Test Drive: Samsung’s SyncMaster 765MB

In a classic scene in 1984’s This Is Spinal Tap (since copied or paid homage in everything from Toy Story 2 to “The Powerpuff Girls”), rock guitarist Nigel Tufnel boasts that the dials on his custom-made amplifier aren’t numbered from 1 to 10: “These go to 11.” If you find yourself forever turning up the brightness on your PC screen for a better view of games or DVD movies, Samsung Electronics America now has a monitor that goes to 11.

A 17-inch CRT is the baseline of PC displays, easier on the eyes than a dinky 15-inch tube and easier on the wallet than a 15-inch LCD. Pricewise, Samsung’s 17-inch diagonal (16-inch viewable) SyncMaster 765MB is at the high end of the baseline at $229 – even discounted to $190 or $200, it competes with bargain 19-inch monitors. But such screens aren’t likely to match the 765MB’s curvature- and distortion-free DynaFlat face, or beat its crisp focus and vivid colors. And they don’t have a MagicBright button.

Pressing the MagicBright button cycles through three brightness settings or modes, indicated by a menu that temporarily pops onto the screen. Text mode is the default for everyday word processing, e-mail, and spreadsheet work – at a luminance level of about 150 nits (candelas per square meter), Samsung says, it’s averagely bright for a desktop CRT, and indeed looked average – not dim, but nothing we’d comment on.

The middle Internet mode, supposedly optimized for viewing Web pages with images and streaming video windows as well as text, bumps up the brightness noticeably (to about 200 nits), but not high enough to risk fuzzy or washed-out text or menus. Press the button again, and the monitor glows in Entertain mode – approximately 300 nits, or a lot closer to what we’re used to from the differently designed cathode-ray tubes of TV sets, to shine a bright light on 3D game catacombs, DVD movies, and image-editing applications.

This mode achieves the distinction of being too bright for regular Windows work – not blinding, but definitely text-blurring and squint-inducing when we tried it with Office and Outlook. But, Samsung insists, it won’t burn out or shorten the CRT’s operating life, thanks to a larger-diameter electron gun and sturdier shadow mask (the perforated plate that ensures the gun’s beam hits only the targeted phosphor dots).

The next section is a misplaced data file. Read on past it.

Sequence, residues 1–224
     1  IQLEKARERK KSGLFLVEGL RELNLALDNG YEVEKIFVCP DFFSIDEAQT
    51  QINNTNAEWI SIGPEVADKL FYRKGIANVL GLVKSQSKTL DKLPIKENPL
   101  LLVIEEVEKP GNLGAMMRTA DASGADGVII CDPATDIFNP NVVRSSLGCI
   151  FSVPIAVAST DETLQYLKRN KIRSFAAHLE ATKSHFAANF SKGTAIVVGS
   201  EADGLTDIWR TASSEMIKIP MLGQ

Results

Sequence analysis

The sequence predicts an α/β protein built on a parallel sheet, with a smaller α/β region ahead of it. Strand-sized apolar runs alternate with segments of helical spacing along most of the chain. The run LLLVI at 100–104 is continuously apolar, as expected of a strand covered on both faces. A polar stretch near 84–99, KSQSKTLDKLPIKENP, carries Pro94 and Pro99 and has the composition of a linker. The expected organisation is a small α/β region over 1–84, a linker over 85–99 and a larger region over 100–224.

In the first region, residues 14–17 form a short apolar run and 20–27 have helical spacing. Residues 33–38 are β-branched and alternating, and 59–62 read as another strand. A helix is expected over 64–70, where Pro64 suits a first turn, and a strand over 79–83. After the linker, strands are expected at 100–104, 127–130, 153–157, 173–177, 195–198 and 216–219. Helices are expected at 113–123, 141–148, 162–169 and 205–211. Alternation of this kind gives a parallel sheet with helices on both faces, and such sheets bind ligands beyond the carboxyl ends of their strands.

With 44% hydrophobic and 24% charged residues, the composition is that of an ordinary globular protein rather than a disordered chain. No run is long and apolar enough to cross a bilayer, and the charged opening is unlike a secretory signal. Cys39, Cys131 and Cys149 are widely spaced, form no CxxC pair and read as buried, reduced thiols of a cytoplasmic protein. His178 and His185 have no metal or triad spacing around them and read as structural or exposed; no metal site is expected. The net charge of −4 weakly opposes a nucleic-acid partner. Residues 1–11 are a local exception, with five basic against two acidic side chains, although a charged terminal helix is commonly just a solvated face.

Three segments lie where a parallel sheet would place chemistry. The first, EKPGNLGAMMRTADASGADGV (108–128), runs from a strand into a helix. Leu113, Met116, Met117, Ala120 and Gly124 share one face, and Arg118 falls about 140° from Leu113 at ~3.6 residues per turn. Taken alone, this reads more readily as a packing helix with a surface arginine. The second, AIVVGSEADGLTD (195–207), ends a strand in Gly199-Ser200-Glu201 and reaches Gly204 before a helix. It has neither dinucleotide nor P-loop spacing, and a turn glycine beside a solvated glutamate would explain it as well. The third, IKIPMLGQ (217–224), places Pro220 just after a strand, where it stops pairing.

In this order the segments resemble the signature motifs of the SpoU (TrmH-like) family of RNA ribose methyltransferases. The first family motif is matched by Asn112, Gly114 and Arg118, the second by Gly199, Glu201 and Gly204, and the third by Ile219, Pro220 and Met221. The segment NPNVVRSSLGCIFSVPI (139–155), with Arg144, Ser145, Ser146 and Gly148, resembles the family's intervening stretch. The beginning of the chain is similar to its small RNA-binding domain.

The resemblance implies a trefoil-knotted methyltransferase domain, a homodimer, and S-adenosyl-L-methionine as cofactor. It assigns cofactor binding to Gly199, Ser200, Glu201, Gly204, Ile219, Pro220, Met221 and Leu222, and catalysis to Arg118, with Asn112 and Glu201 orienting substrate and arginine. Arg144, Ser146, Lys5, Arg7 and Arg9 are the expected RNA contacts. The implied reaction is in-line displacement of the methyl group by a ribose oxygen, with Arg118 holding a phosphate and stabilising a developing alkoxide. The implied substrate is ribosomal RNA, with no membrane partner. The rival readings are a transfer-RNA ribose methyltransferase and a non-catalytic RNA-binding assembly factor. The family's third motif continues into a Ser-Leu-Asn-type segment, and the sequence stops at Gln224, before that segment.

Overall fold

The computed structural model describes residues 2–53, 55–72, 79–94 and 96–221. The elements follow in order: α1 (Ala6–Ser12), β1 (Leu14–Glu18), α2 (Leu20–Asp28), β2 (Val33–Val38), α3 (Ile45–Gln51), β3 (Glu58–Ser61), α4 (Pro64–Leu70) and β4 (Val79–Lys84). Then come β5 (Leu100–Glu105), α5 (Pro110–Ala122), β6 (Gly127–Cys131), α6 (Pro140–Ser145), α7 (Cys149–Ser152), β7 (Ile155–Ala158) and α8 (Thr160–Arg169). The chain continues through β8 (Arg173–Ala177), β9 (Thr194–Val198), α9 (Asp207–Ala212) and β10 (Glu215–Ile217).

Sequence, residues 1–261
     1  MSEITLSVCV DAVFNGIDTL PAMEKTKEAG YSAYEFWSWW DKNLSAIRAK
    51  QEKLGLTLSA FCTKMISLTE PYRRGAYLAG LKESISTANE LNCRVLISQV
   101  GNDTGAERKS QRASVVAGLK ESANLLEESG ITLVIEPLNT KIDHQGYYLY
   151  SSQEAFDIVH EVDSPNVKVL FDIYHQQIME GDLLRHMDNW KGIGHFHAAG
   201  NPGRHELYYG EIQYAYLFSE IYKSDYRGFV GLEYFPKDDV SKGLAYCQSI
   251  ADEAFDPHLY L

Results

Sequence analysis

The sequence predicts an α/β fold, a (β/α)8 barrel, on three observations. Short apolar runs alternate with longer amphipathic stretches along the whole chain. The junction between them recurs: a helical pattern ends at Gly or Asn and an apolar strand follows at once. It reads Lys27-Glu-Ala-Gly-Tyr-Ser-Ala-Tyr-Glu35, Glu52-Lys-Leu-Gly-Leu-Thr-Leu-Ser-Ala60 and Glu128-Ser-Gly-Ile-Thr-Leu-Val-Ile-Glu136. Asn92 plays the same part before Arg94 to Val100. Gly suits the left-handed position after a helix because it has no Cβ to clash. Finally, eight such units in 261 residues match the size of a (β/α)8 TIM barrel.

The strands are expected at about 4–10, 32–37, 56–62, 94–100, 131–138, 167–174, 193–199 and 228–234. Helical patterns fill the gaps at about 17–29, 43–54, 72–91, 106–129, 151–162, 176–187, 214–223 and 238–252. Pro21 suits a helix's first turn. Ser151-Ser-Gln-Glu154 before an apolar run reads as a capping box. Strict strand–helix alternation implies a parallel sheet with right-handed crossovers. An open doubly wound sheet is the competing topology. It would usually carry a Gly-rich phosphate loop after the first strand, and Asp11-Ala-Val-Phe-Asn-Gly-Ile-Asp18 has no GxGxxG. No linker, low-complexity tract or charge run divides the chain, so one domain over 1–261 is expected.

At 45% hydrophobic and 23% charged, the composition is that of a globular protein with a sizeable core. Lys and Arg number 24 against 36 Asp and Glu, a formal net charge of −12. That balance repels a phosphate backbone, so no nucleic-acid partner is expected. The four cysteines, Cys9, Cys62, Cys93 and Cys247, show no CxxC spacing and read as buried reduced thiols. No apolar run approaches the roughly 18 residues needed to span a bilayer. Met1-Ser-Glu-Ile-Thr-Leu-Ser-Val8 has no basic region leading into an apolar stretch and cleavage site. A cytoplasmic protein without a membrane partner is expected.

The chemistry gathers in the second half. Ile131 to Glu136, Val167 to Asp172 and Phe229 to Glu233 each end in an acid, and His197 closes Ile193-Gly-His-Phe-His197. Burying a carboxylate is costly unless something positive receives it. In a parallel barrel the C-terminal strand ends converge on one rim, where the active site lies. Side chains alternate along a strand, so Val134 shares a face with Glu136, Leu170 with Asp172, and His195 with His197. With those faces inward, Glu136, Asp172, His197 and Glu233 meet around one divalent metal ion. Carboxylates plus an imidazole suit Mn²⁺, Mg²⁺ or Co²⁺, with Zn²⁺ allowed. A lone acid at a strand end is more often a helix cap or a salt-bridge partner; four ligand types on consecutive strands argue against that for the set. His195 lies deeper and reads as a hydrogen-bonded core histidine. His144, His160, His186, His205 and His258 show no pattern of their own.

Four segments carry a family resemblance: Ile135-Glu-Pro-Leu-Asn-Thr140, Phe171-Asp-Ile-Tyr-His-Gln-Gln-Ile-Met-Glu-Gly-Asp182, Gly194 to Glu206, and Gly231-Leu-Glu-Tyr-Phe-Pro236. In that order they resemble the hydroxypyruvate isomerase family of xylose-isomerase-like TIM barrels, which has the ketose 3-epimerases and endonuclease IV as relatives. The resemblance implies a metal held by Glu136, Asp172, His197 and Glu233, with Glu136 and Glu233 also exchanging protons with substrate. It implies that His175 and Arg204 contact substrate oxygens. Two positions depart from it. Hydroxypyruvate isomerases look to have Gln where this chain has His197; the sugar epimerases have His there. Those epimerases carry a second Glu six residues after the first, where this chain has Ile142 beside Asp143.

And it really does make details more visible in game screens. And when we tried it with a couple of DVDs, the improvement was impressive – oddly, it didn’t make the movies look merely brighter so much as sharper, with more contrast and clearer backgrounds. After a while, we found ourselves enjoying the brightness of Internet mode for office chores as well as Web surfing, switching to Entertain mode for recreation, and spending as little time in Text mode as possible.

(Geek disclaimer: Perceived brightness varies logarithmically, so Entertain mode isn’t twice as bright as Text mode, and CRT candelas can’t be compared directly to the 200- to 300-nit ratings you see for LCD monitors – which are transmissive displays, with circuitry layers coming between you and their backlights. But suffice it to say the SyncMaster is one of the brightest monitors we’ve tested.)

The three brightness modes are a clever refinement of a feature seen on earlier SyncMaster CRTs and also present on the 765MB: an adjustable “highlight zone” that boosts the brightness – as well as letting you adjust contrast, sharpness, and color settings – for a rectangular area that you can size and place anywhere on screen (but that gets fuzzy fast if expanded to the whole display).

We’re convinced the secret to the extra contrast is that the highlight button both brightens one rectangular area and dims or grays the rest of the screen slightly, but with some tweaking it’s a nice option for at least one small segment – owners of TV tuner cards who keep an ESPN, CNN, or Weather Channel window in one corner of the screen – and occasionally helpful for other jobs, such as closeup image-editing work (zooming in on a small area to fix a scratch on a scanned photo, say).